Verizon Wireless set off a stampede to unlimited voice plans among U.S. mobile operators on Tuesday.
After the carrier said it would let subscribers talk for as long as they want within the U.S. for US$99.99 per month, rivals AT&T and T-Mobile USA followed suit. Sprint Nextel, which offers 2,000 anytime minutes per month for $99.99, did not.
Verizon's unlimited individual plan, as well as a shared family plan starting at $199.98, is available now.
T-Mobile's plan, becoming available Thursday, will allow unlimited voice as well as messaging. That carrier, which targets youth as a key demographic, has been offering several plans for big talkers, including an Individual Ultra plan with 2,500 minutes for $99.99 and Individual Supra with 5,000 minutes for $129.99. AT&T likewise had offered such plans, including a 6,000-minute service for $199.99.
The major U.S. carriers haven't traditionally offered unlimited minutes. The rush to match Verizon's plan indicated the level of competition in the mobile market, where carriers are now pushing e-mail, Web access and other data services as the price of voice minutes has fallen.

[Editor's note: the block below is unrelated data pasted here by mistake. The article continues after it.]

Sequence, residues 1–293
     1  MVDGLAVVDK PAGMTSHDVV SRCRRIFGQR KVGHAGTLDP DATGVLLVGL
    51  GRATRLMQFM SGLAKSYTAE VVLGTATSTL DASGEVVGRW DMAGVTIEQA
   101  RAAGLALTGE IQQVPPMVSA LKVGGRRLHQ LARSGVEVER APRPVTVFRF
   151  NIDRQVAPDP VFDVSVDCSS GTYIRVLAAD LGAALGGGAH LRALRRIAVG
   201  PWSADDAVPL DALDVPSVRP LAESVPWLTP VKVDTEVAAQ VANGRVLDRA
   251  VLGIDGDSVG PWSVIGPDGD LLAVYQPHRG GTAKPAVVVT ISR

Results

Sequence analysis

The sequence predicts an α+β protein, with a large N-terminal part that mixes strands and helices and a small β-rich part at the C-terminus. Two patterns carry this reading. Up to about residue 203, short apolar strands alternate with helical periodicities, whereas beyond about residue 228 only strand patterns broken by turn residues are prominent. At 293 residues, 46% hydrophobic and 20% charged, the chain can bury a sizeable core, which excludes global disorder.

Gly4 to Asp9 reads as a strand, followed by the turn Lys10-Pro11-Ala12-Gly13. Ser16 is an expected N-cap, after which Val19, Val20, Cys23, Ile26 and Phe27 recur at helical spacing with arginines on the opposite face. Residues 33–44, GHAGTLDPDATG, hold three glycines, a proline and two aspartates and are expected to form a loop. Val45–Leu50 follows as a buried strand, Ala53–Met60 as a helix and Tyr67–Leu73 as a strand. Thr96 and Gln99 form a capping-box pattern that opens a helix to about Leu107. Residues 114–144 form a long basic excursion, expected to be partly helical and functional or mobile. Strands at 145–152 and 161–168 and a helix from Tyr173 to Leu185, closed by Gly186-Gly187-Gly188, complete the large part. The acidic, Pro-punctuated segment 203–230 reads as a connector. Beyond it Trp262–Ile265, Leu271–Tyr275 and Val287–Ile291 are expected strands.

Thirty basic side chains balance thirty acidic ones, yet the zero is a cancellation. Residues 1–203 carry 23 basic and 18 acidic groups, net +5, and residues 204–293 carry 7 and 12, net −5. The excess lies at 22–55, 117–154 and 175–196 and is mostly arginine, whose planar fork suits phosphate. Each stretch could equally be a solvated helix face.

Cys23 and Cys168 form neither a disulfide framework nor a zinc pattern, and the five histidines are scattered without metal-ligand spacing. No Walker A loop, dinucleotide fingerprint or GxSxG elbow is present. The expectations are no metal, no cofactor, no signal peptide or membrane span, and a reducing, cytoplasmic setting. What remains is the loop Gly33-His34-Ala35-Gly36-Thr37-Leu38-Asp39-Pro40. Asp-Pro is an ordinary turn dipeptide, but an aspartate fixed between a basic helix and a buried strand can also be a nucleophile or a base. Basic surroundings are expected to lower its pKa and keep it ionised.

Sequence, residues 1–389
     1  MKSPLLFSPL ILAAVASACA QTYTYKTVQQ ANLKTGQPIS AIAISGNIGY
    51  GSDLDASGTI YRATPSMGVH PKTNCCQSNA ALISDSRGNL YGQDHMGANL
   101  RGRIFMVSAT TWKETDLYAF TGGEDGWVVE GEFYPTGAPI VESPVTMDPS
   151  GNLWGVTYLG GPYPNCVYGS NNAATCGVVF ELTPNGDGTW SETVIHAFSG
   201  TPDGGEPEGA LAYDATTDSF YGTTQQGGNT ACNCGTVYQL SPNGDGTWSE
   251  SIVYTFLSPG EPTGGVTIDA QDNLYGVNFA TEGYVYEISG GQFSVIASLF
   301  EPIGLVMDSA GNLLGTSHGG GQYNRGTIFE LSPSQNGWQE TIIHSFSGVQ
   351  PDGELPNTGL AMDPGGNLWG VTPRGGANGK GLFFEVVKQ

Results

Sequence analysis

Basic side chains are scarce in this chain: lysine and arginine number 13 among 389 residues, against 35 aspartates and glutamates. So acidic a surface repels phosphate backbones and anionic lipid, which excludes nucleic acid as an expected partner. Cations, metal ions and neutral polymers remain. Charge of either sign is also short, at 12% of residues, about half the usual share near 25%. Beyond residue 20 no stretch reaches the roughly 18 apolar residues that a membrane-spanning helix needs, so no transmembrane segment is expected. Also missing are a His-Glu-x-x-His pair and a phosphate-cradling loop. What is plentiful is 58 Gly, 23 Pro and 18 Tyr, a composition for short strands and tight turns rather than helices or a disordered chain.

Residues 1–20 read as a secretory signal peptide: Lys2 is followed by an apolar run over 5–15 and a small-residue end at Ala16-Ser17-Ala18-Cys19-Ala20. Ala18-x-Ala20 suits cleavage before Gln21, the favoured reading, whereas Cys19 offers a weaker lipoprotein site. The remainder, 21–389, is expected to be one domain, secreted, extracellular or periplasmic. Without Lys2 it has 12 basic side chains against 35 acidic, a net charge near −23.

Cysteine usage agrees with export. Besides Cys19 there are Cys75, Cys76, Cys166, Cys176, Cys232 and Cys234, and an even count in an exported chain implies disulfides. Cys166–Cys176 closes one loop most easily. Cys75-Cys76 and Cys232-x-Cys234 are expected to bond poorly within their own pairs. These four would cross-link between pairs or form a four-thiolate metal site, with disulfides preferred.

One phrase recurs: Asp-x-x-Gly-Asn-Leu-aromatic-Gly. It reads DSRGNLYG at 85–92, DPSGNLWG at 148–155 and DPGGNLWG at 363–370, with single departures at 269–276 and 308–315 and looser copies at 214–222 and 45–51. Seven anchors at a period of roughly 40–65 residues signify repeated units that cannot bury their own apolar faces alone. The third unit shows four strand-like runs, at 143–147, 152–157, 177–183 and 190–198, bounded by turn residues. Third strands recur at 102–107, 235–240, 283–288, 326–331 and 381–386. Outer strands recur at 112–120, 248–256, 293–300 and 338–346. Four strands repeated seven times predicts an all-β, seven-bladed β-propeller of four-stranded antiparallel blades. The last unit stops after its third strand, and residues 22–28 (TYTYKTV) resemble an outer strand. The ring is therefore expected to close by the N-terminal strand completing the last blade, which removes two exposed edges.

But the new plans will probably appeal to only a small segment of the market, analysts said. Realtors and small-business owners who spend a lot of time on the road might find it useful, they said. Most carriers already offer free calls on nights and weekends and plans that include free calling to frequent contacts or people on the same network. Mobile data services such as Verizon's BroadbandAccess 3G (third-generation) will cost extra. And the $99.99 unlimited products are separate from family plans with shared minutes, which cost more.
Also Tuesday, Verizon revamped its data offerings to reach different types of customers. A $39.99 plan will allow for 50M bytes of data traffic per month, and a $59.99 offering will cover 5G bytes. The new data plans will become available March 2.
Sprint offers unlimited data on its EV-DO (Evolution-Data Optimized) network, which is similar to Verizon's, for $59.99 per month. There are some uses that aren't allowed, including continuous heavy data traffic and Web hosting. AT&T places a 5G-byte limit only on plans for mobile data cards to be used in notebook PCs, not on phone plans. Verizon and some other carriers have been criticized in the past for advertising unlimited data while actually cutting off users who went over a certain limit.